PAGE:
The numbers are large because this search matched all Firefox crash reports from the past seven days. The first group has over 100,000 crash reports, which accounts for 7.77% of all matching crashes. This indicates there are over 1.3 million crash reports matching this search.

You can reorder the groups in various ways by clicking on the column headers. The links within the results do the following things.

  • The first link in each “Signature” column cell links to a signature report, which contains additional details about crash reports with that signature.

  • The “Add term” link in each “Signature” column cell lets you perform a narrower subsequent search among crash reports with that signature.

  • The links in each “Bugs” column cell link to bug reports in Bugzilla.

The default search: Crash reports

If you switch to the “Crash Reports” tab you will see results like the ones in the following screenshot.

Results of a default search in crash-stats (crash reports tab)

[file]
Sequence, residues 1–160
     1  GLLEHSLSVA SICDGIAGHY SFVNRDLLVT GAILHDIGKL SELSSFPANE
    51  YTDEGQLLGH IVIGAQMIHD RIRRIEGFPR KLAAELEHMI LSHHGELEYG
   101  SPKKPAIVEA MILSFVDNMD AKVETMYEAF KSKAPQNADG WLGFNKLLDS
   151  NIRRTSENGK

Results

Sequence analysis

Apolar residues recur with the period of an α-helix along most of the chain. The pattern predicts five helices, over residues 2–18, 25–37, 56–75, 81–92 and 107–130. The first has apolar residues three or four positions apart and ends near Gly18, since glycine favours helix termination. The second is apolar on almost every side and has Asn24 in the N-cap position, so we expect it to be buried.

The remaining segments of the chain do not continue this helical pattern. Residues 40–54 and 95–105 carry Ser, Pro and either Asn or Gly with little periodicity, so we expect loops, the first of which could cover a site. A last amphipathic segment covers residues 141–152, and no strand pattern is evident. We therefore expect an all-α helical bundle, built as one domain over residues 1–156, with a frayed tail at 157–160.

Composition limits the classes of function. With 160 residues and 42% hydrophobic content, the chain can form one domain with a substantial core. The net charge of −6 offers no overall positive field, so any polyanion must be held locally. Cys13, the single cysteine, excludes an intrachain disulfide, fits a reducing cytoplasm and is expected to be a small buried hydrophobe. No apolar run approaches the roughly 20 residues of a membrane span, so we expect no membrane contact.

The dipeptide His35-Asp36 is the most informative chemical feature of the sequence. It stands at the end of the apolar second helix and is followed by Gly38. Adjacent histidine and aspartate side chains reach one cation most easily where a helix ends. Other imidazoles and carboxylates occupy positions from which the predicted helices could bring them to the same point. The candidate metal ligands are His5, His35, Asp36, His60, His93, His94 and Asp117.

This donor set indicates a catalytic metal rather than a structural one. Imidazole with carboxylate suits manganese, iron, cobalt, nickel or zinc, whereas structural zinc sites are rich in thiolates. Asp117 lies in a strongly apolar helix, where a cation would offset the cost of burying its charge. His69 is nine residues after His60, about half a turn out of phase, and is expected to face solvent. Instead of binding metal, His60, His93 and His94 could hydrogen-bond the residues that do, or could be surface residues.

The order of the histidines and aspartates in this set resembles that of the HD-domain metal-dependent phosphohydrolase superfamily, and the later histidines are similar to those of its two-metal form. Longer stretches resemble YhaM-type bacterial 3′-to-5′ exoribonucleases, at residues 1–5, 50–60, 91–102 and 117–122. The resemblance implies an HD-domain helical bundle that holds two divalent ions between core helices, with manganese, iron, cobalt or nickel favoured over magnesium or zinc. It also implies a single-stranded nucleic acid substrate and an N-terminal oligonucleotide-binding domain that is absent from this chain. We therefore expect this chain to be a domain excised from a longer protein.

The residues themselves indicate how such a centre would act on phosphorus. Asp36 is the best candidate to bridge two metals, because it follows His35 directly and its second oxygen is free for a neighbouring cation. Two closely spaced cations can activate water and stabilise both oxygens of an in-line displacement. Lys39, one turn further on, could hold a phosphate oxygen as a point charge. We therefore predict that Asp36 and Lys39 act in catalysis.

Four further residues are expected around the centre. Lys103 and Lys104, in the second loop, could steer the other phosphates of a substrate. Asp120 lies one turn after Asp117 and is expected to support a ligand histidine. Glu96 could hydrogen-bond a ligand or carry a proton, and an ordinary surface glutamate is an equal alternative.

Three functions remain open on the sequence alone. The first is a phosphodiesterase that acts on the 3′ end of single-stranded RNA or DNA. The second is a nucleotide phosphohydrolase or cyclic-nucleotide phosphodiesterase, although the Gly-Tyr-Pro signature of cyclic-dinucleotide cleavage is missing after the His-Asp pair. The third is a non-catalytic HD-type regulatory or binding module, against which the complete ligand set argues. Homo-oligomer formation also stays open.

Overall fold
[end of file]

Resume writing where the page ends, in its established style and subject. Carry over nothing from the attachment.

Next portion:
This is a list of all the individual crash reports that match the search criteria. If the number of matches is large – in this case it exceeds 1.3 million, just as we saw in the “Signature facet” tab – the results will be spread across multiple pages, which you can visit by clicking the links at the top right of the tab.

The links within the results do the following things.

  • The link in each “Crash ID” column cell links to an individual crash report.

  • The links in each “Signature” column cell have the same effect that they did in the “Signature facet” tab.

  • The links in the remaining column cells also let you perform a narrower subsequent search with that link’s value added to the search criteria.

Proto signature

The “proto signature” field is just the raw unprocessed crash stack concatenated together.

You can do things like: